“Information on the Internet is subject to the same rules and regulations as conversation at a bar.” -George Lundberg
Two high-profile suicides took place while I was out of town. Rigoberto Ruelas, a dedicated teacher for 14 years; and Tyler Clementi, a freshman at Rutgers College, both jumped off bridges to their deaths. But their suicides had something else in common – both had been humiliated by information on the Internet.
I attended high school and college pre-Internet. Back then, as now, no one wanted negative information about themselves getting around. Gossip and bullies existed. We knew how it felt to walk into a room and find out that our privacy had been compromised, or that people had spread bad things around about us.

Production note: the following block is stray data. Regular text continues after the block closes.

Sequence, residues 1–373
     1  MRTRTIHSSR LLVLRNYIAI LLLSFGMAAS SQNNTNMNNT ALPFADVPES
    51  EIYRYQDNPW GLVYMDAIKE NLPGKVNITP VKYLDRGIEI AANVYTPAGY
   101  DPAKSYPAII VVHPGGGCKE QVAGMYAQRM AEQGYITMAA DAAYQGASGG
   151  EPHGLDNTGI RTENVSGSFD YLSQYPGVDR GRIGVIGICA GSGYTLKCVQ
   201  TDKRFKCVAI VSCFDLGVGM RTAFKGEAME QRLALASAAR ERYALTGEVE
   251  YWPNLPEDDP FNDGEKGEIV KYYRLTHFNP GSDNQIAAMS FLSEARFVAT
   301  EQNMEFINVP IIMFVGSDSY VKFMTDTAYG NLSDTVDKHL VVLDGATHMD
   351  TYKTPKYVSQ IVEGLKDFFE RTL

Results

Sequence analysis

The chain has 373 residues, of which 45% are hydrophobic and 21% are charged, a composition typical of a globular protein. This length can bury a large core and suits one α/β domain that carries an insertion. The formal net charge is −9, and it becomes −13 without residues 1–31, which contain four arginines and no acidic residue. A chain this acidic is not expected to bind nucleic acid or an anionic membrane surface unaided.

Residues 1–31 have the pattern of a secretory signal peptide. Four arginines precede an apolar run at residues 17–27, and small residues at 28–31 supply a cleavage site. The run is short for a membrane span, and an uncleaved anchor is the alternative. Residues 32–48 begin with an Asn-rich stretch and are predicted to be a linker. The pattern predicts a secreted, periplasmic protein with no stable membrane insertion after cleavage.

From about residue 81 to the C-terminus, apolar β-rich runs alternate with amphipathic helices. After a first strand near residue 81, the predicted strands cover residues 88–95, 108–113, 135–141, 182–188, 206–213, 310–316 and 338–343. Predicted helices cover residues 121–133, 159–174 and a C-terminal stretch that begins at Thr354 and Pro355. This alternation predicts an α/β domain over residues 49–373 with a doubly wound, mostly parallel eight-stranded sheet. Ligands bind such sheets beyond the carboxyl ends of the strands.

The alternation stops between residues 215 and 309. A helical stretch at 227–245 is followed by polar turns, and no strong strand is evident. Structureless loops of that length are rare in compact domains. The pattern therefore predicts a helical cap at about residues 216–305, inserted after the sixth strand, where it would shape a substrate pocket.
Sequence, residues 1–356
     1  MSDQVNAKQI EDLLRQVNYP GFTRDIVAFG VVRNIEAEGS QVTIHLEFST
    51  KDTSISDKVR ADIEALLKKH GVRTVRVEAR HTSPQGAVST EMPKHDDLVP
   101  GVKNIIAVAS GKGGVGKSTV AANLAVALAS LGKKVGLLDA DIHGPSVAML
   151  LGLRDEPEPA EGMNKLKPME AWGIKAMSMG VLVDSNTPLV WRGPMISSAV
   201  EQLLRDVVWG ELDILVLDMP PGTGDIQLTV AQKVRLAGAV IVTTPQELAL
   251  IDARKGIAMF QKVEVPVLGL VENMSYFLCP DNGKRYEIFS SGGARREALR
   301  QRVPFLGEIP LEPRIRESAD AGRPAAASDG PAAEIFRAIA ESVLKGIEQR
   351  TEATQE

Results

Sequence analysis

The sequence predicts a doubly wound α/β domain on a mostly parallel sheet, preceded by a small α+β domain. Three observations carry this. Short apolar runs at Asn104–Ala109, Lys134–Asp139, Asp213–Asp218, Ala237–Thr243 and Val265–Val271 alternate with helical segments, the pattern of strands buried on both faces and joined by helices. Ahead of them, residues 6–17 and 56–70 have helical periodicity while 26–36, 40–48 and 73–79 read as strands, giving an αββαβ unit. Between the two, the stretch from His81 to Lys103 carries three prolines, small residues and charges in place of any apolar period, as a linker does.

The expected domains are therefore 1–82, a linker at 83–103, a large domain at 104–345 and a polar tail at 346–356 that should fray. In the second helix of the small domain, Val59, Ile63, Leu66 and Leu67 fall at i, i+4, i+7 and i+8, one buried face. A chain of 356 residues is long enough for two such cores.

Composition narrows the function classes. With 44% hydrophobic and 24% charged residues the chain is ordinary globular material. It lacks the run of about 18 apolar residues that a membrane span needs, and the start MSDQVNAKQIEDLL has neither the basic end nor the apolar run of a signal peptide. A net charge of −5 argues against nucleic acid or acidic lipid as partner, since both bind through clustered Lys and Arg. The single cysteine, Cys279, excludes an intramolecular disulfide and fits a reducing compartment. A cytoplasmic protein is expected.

But that’s where it usually stopped – a room. Unless someone made photocopies of a photo or a page out of a diary and delivered them to hundreds of people by hand, rumors could only spread so far. In a worst-case scenario, we could attend a different school and start over fresh.
Not today. Because of the Internet, literally the entire world had access to a website claiming Ruelas was a bad teacher, and another one showing video of Clementi having sex with another young man. And because of the Internet, these are bells that cannot be unrung. Once something is “out there” in cyberspace, it’s out there.
So it’s a little ironic that the Internet is known as “the Web.” Because in many ways, it’s just like a spider web – grabbing things and holding them, so they can be devoured.